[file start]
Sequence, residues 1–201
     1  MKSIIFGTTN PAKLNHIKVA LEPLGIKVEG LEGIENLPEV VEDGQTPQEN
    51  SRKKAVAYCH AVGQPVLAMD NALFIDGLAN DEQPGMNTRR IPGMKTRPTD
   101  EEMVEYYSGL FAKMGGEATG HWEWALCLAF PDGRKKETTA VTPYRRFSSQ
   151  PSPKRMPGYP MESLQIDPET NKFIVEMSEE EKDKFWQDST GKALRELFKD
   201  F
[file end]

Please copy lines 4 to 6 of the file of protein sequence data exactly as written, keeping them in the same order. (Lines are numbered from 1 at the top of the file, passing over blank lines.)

   101  EEMVEYYSGL FAKMGGEATG HWEWALCLAF PDGRKKETTA VTPYRRFSSQ
   151  PSPKRMPGYP MESLQIDPET NKFIVEMSEE EKDKFWQDST GKALRELFKD
   201  F